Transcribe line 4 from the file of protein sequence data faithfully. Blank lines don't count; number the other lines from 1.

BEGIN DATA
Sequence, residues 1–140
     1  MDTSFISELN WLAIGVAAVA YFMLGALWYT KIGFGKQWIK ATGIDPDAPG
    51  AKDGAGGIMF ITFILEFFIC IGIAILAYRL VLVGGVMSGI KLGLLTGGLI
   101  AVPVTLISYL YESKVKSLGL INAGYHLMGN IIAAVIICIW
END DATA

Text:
   101  AVPVTLISYL YESKVKSLGL INAGYHLMGN IIAAVIICIW